Tasty History

Pig Out in the Park celebrates 35 years of chowing down

When Pig Out in the Park began in 1979, it wasn't the sort of sprawling, downtown-Spokane-dominating event that you'll see on display this week in Riverfront Park. Bill Burke, who has been putting on the event since its inception, recalls a much more reserved, compact gathering.

"We were under two big tents with 20 or so vendors," recalls Burke. "There was a lot of common smoke and common smells."

Now in its 35th year as a Labor Day weekend staple, Burke says that Pig Out in the Park will welcome its estimated 3-millionth customer this year. The event is known to draw tens of thousands of visitors to the park each year for live music (see this week's music section for some highlights of the schedule), kids' activities and, of course, food. Lots of it.

This year's nearly 40 vendors are set to serve approximately 225 different items, ranging from the sort of deep-fried goodies you reserve for a once-a-year gut bomb (including a burger made with doughnuts as buns), as well as ethnic dishes you might not easily find elsewhere. Burke says that over the years, Pig Out's food offerings have curated themselves, and the eclectic nature of the cuisine has depended on what vendors want to participate. On occasion, though, he has looked around to see what might make for a nice Pig Out addition.

While Burke says he has stuck with what works over the years — a free-entry event with free music and a whole lot of inexpensive food in a family-friendly environment — there have been some changes. The obvious additions over the past decade are the expanded size of the venue and additional music stages, but last year Pig Out took on a new look by adding $3 samples to the program. While these small dishes were only offered on certain days last year, Pig Out will now feature them throughout the event, and they'll be available at every booth.

"Over the years one of the No. 1 requests people have made is, 'Can we get a sample?' I think we figured out a way to do it, and that's added a lot to the week," says Burke.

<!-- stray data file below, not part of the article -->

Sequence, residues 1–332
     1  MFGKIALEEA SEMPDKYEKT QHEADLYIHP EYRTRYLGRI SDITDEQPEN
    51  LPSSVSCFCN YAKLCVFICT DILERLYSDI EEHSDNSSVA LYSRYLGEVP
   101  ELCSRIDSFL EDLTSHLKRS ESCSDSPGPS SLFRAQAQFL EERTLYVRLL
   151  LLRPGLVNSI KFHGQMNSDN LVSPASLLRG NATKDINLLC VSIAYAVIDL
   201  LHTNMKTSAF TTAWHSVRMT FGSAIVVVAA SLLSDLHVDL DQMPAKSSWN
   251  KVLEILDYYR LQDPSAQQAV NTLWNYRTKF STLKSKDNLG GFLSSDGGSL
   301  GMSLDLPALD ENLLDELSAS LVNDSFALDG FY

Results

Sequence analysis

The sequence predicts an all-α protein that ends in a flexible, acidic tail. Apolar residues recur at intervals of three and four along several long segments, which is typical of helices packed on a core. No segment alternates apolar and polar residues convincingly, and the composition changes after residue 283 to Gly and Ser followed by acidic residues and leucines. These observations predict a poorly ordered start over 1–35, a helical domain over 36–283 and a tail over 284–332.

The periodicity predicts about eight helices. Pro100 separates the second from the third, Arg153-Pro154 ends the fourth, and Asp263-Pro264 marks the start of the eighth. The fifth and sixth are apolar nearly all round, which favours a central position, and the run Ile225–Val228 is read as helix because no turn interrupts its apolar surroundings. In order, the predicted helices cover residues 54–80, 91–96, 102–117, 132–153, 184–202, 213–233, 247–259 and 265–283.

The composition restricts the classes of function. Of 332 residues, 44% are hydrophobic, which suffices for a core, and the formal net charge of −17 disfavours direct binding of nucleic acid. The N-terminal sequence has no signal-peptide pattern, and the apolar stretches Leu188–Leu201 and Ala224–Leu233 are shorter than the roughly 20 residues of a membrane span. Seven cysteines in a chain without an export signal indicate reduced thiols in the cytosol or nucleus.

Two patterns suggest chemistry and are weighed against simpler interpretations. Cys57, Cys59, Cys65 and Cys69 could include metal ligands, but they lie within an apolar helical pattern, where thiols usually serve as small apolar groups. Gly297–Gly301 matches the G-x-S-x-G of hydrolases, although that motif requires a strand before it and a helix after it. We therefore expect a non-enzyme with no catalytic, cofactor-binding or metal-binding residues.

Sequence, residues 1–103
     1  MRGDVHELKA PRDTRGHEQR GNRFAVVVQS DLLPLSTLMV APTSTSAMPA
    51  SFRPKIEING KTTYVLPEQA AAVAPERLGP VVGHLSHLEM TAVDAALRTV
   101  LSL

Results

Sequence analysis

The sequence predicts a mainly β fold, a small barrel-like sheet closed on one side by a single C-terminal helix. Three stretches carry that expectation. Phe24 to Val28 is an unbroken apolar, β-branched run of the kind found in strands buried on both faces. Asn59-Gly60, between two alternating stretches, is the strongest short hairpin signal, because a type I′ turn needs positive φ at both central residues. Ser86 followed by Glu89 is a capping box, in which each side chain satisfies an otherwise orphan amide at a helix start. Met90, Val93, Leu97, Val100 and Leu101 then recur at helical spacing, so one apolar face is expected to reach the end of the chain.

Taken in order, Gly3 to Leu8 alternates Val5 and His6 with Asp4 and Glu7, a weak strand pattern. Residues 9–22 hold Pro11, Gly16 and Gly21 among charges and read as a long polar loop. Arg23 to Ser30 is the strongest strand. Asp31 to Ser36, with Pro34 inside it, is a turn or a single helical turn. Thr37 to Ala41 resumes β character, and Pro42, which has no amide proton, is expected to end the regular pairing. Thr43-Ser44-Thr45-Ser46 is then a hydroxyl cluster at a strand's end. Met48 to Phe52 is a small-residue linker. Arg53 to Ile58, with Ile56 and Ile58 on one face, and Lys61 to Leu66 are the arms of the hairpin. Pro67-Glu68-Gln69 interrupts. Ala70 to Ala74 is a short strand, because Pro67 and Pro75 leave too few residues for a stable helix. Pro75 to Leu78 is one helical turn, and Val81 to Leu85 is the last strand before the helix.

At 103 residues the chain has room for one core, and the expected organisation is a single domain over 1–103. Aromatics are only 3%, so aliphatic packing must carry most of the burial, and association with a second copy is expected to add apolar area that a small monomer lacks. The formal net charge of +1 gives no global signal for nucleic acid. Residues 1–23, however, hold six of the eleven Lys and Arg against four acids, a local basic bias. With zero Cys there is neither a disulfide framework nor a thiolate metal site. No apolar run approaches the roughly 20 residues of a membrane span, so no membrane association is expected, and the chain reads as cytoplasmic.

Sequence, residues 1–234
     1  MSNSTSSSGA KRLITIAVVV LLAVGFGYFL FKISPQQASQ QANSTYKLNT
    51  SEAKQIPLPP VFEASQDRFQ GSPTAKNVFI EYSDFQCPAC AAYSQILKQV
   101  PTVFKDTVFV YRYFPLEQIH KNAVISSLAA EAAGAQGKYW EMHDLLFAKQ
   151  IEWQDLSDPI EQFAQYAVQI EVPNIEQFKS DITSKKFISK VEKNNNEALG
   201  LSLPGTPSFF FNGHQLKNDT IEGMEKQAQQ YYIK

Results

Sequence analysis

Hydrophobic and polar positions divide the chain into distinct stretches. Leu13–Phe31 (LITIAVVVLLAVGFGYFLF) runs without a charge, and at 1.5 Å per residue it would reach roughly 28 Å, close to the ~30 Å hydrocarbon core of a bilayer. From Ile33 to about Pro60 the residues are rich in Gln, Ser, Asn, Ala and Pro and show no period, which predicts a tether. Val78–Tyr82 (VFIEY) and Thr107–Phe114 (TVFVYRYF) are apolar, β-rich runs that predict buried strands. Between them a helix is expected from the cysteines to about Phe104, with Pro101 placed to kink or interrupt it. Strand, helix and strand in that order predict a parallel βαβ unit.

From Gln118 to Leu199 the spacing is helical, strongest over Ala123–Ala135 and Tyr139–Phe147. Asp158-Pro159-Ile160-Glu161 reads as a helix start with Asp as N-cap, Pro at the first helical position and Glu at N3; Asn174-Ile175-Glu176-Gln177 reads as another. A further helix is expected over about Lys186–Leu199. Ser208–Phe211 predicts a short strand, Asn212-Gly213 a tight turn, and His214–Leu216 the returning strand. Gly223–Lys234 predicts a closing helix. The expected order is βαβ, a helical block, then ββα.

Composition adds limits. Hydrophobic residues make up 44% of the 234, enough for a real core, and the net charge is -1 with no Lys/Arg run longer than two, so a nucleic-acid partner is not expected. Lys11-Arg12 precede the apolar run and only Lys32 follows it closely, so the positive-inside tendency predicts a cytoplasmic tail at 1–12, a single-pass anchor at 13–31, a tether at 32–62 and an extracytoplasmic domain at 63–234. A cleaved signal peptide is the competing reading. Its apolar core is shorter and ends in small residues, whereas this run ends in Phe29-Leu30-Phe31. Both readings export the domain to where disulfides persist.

Pig Out in the Park isn't an easy feat, Burke says. This year's event required $297,000, much of which is paid for through sponsorships from local businesses, just to get off the ground. And then there's all the other challenges — like when 30,000 people choked the streets to see Shaggy perform at the height of his popularity. Then there's the weather.

"We've had snow, we've had hail, we've had evacuations — everything you can think of," says Burke. "But we're hardy people and we're going to go, rain or shine."

Burke says he never tires of the event, even three-and-a-half decades in. The smells, the energy and the frenetic crowds of festivalgoers remind him of childhood trips to Atlantic City, where his aunt owned a portion of the boardwalk.

"Every once in a while, I get that same feeling," says Burke. "All of the sudden, I'm a little kid in Atlantic City."♦

2014 Pig Out in the Park Vendors

Azar's Café Express

Bacon Wrapped Hot Dogs

Baja Babes Tacos

Baja Bowl/Glazed and Confused

Ben & Jerry's Ice Cream

Bloem Flowers, Chocolates, Paperie

Charlie's Cheesecakes

County Fair Foods

Crepe Tyme

Dim Sum Wok

Eggroll Express & Teriyaki

Eldon's Italian Sausage

Euro Gyro

Fiesta Time Foods

Glazed Doughnut Burgers

Gourmet Soul

Gumbo Goddess

Island Noodles

Island Slaw

J B Grilled Gourmet Cheese

Kang Mongolian

Kochi Teriyaki Grill

Leonardo's Bistro

Longhorn BBQ

Lylo's Teriyaki

Mary Lou's Ice Cream

Philly Bros./Fry Guys

Pizza Rita


Shortcake Heaven

Southern Roasted Corn

Taste of India

Terry's Breakfast

Twister's Funnel Cakes

3 Ninjas

Trophy Spice

Westmoreland Concessions

The Whitehouse

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